Types of Wheel Finishes
Our wheels are available in a wide variety of finishes to perfectly compliment your car and taste.
The classic mirror polish is a timeless wheel finish, one that is often associated with muscle cars of old. Classic polished metal is a very time-intensive process, where a raw part is sanded by finer and finer abrasives until the surface is levelled out into an impeccable shine through polishing compounds and cloth.
No wheels in the Speedy Wheels' current design catalogue feature classic hand-finished polished finishes and, we opt for a more modern machined-finishing techniques.
So, if Speedy Wheels don't offer wheels with polished finishes, what process do we use to get that shine?
Machine Cut finishes are done using tooling made with synthetic diamonds. This has the flexibility of not only being able to replicate a fine, reflective surface, but the process can also be modified to create other finish types such as the almost iridescent finish found on wheels such as our Assault and Liberator that look amazing when rolling down the road.
All of our machine cut finishes are protected by a clear coat that provides protection against the elements, resists corrosion and makes our wheels easier to clean.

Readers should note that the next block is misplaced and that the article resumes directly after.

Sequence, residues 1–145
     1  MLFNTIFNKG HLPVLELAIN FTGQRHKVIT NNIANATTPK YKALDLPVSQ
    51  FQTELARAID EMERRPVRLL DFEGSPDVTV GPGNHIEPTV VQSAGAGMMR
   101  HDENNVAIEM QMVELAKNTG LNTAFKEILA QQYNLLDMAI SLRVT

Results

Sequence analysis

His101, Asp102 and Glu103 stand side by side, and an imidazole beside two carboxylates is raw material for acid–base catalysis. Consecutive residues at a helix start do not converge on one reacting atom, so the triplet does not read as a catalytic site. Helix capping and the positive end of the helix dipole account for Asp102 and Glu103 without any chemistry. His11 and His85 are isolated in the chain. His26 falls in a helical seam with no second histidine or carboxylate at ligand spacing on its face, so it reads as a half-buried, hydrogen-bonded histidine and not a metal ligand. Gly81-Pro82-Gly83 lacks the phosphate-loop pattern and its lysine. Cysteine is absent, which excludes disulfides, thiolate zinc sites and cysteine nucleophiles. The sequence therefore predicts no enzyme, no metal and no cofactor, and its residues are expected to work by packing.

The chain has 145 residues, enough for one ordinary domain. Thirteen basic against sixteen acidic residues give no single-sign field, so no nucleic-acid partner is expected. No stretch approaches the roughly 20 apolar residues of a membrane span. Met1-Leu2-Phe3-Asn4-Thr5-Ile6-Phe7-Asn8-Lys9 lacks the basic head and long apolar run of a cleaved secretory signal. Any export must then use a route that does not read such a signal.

All of the Speedy Wheels range of steel wheels come in a durable and stylish powder coat that resists corrosion and discolouration.
Powder coating is a process where the part is connected to a voltage source that is negatively charged, while a positively charged powder is blown over the part by a special powder coating gun.
This electrical difference makes the powder attracted to the part, where it sticks in uniform, self-levelling layers.
After the wheel is coated, it is loaded into a large oven and heated. The power will melt and become the glossy, thick and durable coating you've come to expect from a powder coated part.
Powder coating does not require a second protective layer over the top, as the powder coat is more than hard enough by itself.
Many of our wheels feature coloured finishes that are created with paint. Depending on which wheel design you opt for changes how much of the wheel is painted and with what colour.
All of our painted products are protected by a clear coat that keeps UV light away from the paint and aims to prevent discolouration over time, much like your car's bodywork.
Aluminium can be coloured by a process known as anodising. Anodising takes advantage of the properties of aluminium products by using electrolysis to erode the fine surface layer of a part to later accept dye from a heated bath of distilled water.
After anodising, the process leaves a layer of ultra hard aluminium oxide and the dye permeates below the surface of the part, so the colour won't be scratched off in a similar way to paint, which mechanically adheres to the surface.
The colour of anodised parts can still be affected by harsh cleaning agents, which can cause unsightly fading that is impossible to repair.